Apple has been in a cold battle with many app developers over its new 30% commission charges on in-app purchases from the Apple Store. Many developers are protesting against Apple to end control over their respective apps and 30% is an unusually larger percentage for in-app purchases. This issue has led to Epic Game’s ‘Fortnite’ departure from Apple’s App Store.

On last Friday in California, a federal judge ordered in an injunction request that Apple could bar ‘Fortnite’ by Epic Games from its App Store. This ruling had a condition that Apple must not harm Epic Games’ developer business tools which are being used by many app developers; this includes the Unreal Engine Software Company which is used by literally a large number of video game developers.

District Judge Yvonne Gonzalez Rogers ruled out that the court maintains its findings from the temporary restraining order and hereby allows specific part in Epic Games’ motion for preliminary injection.

Epic Games and Apple both have not commented on the official ruling by the California court as of now.


Last month in September, Epic Games filed for a preliminary injunction to get its game back up on the App Store for users to download. This injunction also intended to restore Epic Games’ developer license from Apple after the Tech giant terminated Epic Games’ account from the App Store and removed their game ‘Fortnite’.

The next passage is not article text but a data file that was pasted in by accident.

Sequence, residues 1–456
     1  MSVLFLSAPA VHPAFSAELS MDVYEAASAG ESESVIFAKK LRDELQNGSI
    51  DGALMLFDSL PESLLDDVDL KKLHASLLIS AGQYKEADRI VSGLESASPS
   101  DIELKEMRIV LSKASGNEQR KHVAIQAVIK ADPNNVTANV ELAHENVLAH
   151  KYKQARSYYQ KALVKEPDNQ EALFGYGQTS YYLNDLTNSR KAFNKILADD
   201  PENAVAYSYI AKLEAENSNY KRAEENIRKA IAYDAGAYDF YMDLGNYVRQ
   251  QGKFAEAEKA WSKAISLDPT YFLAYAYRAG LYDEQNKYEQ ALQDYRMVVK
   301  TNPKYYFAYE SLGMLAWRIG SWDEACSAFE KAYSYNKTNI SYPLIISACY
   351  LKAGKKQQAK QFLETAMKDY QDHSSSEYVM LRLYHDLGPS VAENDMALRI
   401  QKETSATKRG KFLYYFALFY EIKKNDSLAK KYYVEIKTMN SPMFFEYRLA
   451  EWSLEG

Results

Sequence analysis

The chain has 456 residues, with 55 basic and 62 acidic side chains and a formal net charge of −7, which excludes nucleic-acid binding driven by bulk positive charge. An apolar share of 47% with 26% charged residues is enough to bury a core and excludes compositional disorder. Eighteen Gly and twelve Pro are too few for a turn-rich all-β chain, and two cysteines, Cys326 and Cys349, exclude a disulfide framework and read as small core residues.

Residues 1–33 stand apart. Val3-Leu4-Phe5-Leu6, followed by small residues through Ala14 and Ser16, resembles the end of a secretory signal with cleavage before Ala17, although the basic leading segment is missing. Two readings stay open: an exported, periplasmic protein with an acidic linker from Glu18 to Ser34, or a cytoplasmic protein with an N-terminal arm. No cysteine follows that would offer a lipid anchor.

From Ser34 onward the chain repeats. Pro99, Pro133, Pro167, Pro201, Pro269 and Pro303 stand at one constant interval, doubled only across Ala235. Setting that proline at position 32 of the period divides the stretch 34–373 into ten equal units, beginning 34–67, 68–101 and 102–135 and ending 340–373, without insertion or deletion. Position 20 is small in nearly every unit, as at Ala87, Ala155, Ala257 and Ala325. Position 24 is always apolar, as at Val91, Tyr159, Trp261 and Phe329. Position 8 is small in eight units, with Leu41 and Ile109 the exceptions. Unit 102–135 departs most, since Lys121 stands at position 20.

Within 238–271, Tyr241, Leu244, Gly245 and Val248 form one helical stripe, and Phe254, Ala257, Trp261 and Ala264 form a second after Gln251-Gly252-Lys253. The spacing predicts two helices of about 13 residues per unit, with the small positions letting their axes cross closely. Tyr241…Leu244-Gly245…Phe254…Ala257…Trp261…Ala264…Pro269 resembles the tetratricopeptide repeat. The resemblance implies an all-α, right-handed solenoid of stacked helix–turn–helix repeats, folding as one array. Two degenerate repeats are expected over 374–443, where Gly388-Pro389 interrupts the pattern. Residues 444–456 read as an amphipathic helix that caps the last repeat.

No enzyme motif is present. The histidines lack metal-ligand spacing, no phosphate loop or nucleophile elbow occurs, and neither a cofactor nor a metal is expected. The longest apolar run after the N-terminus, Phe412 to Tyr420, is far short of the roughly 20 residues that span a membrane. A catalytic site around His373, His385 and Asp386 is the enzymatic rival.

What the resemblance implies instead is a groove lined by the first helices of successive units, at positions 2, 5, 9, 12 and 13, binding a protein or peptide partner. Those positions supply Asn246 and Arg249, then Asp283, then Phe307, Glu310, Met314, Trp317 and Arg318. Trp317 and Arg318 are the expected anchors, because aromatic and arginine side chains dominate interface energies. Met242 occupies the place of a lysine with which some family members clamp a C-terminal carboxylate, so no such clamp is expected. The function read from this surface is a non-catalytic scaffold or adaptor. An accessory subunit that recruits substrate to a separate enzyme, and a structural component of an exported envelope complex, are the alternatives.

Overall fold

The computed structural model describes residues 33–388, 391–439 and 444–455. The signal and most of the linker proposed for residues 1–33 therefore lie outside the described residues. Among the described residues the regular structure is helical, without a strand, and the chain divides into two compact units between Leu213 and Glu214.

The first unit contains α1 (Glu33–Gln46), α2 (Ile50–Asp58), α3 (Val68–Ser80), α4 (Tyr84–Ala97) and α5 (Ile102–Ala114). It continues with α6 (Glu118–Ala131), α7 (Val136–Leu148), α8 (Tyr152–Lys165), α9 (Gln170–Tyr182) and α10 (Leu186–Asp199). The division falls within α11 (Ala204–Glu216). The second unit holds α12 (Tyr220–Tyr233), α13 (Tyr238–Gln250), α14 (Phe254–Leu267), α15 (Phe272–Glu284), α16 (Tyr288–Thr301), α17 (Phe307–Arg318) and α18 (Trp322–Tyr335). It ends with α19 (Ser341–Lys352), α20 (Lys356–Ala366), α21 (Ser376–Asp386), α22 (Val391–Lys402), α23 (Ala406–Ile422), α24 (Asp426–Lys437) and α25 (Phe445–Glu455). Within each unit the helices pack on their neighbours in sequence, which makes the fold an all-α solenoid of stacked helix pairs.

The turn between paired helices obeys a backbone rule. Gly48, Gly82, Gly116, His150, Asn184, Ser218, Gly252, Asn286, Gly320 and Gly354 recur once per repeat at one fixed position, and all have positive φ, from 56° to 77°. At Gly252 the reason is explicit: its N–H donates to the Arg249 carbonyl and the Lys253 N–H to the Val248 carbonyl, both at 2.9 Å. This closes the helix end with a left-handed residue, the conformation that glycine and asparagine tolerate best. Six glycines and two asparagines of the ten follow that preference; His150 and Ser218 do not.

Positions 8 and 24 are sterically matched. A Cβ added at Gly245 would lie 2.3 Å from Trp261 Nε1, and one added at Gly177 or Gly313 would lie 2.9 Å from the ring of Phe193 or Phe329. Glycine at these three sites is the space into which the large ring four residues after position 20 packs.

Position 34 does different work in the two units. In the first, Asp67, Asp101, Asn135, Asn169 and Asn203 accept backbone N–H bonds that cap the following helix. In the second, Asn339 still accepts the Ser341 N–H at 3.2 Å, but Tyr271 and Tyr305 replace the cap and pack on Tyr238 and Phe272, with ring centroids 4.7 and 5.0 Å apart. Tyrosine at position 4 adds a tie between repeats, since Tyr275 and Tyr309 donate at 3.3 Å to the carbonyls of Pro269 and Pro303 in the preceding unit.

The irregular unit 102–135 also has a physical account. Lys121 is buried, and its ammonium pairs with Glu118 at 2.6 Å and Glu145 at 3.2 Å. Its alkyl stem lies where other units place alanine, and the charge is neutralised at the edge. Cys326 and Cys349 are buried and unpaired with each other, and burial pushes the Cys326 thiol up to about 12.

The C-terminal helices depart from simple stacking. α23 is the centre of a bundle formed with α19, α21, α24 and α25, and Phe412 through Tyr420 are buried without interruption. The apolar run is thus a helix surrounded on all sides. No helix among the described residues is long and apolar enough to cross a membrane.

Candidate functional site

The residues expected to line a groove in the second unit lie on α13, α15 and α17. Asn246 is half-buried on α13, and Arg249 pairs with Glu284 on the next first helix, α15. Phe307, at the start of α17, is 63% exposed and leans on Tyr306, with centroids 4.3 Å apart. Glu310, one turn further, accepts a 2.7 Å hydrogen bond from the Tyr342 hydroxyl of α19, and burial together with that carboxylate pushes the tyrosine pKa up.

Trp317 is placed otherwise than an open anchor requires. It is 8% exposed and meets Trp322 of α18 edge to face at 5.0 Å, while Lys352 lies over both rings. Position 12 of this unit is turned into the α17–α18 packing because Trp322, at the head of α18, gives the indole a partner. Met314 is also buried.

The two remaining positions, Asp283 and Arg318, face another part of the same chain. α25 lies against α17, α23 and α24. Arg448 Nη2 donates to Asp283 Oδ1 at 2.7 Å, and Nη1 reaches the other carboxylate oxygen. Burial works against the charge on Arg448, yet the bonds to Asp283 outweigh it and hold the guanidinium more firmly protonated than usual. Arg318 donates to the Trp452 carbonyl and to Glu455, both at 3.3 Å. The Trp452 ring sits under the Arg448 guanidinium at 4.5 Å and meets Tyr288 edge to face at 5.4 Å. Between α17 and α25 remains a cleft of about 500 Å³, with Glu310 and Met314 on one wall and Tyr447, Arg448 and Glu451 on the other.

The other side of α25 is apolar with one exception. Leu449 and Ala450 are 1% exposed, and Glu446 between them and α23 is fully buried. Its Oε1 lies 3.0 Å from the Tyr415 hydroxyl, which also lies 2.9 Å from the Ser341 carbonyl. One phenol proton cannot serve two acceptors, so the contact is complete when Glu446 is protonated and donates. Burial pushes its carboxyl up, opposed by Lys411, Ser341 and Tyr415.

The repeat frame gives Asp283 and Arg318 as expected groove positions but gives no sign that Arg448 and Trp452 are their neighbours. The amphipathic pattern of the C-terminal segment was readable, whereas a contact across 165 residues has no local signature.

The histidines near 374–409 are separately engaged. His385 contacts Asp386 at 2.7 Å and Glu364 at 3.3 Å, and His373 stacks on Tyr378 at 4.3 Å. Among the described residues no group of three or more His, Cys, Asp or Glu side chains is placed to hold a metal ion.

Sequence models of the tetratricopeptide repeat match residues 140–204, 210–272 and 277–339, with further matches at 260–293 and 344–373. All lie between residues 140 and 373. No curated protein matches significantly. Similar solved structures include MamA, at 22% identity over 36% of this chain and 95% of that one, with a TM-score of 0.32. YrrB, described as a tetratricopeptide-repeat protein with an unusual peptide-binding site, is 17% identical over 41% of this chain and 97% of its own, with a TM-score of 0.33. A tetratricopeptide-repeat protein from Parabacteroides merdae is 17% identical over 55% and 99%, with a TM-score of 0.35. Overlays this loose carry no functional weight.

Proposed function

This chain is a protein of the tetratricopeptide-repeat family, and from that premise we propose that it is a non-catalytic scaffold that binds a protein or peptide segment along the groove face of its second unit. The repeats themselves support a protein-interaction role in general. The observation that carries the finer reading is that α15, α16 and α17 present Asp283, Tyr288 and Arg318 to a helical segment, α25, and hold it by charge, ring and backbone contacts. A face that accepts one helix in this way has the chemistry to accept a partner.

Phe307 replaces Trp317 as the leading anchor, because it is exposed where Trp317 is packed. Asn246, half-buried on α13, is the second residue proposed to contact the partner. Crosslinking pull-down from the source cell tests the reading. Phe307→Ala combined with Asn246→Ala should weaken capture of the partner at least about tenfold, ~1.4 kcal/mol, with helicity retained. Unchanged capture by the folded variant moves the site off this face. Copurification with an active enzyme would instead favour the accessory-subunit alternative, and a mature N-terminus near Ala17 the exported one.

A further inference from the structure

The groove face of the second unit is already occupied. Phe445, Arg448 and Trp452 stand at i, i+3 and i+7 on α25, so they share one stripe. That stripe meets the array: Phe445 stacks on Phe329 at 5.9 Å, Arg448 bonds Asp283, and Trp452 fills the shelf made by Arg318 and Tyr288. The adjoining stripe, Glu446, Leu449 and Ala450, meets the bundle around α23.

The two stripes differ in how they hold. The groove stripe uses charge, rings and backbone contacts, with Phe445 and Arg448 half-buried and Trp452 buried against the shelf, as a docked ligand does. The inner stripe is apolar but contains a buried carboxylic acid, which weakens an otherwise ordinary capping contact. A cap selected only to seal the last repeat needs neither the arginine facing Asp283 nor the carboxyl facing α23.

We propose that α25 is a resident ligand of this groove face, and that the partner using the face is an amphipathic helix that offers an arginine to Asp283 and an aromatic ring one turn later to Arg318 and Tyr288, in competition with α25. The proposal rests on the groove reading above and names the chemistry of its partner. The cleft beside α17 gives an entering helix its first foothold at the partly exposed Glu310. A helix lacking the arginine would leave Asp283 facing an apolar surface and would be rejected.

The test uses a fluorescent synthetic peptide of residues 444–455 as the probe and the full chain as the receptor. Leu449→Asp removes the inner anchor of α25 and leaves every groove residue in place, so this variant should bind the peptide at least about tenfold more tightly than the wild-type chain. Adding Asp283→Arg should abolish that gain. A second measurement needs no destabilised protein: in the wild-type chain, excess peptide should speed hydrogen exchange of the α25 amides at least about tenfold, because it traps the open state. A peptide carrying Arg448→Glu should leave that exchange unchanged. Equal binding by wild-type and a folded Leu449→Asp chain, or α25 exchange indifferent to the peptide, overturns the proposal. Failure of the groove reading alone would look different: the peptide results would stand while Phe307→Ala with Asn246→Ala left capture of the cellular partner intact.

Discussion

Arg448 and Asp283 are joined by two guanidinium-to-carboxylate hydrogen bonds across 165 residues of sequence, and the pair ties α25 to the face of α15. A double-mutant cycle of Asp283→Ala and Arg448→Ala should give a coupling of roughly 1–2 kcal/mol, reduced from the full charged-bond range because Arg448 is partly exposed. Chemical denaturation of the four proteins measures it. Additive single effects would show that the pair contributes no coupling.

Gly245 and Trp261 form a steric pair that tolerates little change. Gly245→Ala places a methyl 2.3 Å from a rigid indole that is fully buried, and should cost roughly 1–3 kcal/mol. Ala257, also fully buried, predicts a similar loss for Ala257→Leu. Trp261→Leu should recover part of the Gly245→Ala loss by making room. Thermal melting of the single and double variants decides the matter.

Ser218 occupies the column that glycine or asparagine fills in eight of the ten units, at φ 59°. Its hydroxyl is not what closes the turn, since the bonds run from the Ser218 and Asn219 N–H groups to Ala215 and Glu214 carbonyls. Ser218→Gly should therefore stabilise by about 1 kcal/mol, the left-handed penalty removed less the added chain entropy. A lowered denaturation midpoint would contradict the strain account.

Sometime in August, Epic Games sued Apple over anti-competitive behaviour and market monopoly because of Apple’s new 30% commission policy on some in-app purchases and their overall control over the apps on the App Store. The lawsuit was triggered after Epic Games introduced their own payment system in their popular game ‘Fortnite’.

Apple as stringent as they are with their policies and developer guidelines, do not allow such alternative payment options directly with the app developers. Hence, they removed ‘Fortnite’ for violating developer guidelines and threatened to terminate Epic Games’ developer account which will affect their developer tools business which sells developer tools for creating games. These developer tools are widely used by other game developers and if banned, would largely affect Epic Games’ business.


Epic Games immediately moved to the court with the matter and the judge ruled an emergency order that allowed Apple to pull down ‘Fortnite’ from App Store and strip the game developer from their developer account license but the ruling also barred Apple from harming Epic Games’ developer tools business which will affect many other third-party game makers.

The Judge said in the ruling on Friday that Epic Games has some very strong points on Apple’s In-App Purchase system and that it takes 30% off selected in-app purchases made.

Analysts are hoping to get more clarity on the news by their next court session.